Firstly, what are yacht charters?

Chartering yachts is a custom or a practice of leasing, hiring, or renting a motor yacht or a sailboat that travels to various islands or coastal destinations. It is done basically for a vacation, also for business trips or events occasionally.

Marinas and Yacht clubs are the usual places where the yachts are chartered; where the word ‘marina’ refers to shore or coast, that can be defined as a basin or dock consisting of supplies of ships and boats. Yacht clubs are usually found near the sea, lake, or riverside environments.

Classification of yacht charters:

Yacht charters are classified into two categories as Skippered charters and Bareboat charters.

Bareboat charters:

  • Bareboat charters, also known as demise charters, refer to arranging charters for hiring or renting boats or ships with a condition where no crew members are included in the agreement.
  • The owners bear the responsibility of handling and looking after the yachts or boats, and thus the act is usually termed bareboating.
  • Legally, bareboat charters and time or voyage charters serve different purposes.


Time or voyage charters:

  • The charterer decides where the boat should go in the voyage or time charters, but there’s a particular time or period set for each voyage.
  • The ship’s owner has the control or proprietorship of the yacht as employing crew and master was his decision.
  • Charterer gets the privilege of selecting the vessel speed, port, and fuel too.
  • Chartering a time or voyage charter is indeed an extended agreement that needs experience and good practice.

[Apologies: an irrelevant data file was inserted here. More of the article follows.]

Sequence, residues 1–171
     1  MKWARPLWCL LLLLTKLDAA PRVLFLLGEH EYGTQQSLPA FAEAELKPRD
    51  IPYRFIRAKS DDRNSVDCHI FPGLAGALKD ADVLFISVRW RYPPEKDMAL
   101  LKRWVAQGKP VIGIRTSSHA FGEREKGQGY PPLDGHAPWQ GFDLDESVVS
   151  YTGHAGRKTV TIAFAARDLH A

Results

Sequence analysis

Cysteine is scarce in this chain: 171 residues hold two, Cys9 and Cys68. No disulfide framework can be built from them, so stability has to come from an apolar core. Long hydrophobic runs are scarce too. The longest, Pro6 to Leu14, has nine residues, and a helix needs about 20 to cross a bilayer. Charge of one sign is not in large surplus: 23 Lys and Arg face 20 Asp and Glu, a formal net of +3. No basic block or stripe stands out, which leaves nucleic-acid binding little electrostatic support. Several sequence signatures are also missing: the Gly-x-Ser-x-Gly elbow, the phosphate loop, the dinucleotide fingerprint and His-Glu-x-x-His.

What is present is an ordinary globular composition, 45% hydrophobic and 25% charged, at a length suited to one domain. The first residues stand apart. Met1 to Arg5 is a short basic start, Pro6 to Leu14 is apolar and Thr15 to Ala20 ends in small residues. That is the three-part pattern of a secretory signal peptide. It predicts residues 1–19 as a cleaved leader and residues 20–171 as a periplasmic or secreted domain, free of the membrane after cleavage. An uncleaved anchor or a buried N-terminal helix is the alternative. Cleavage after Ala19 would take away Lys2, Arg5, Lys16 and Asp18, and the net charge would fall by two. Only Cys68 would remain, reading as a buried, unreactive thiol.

Bareboat charters:

  • In a bareboat charter, the owner gives up their ownership and hands over it entirely to the charterer so that they get to decide the employment of crew and master.
  • Bareboat charters are also known as ‘disponent owners’ because of the owner’s quality of giving up his possession over the ships and boats.
  • The charterer becomes financially and legally responsible for controlling the yacht by paying for crew, fuel, port, P&I, hull insurance, and operating expenses.
  • The hiring of bareboat charters has explicitly increased in the early 2000s.

Skippered charters:

  • Skippered charters refer to a captain or skipper renting a crew professionally, responsible for guiding the yacht.
  • In some situations, the crew members assist the captain or skipper.
  • Skippering charters require exceptional training and experience and are usually carried by huge yachts.
  • The skipper must be knowledgeable about the weather conditions, local places, and culture; in addition to this, they should make sure that the crew members are safe and sound.
  • It might be a disadvantage if the charter and the crew members face a language barrier. However, the responsibility of a captain is to make sure that the crew members would like to visit the yacht once again.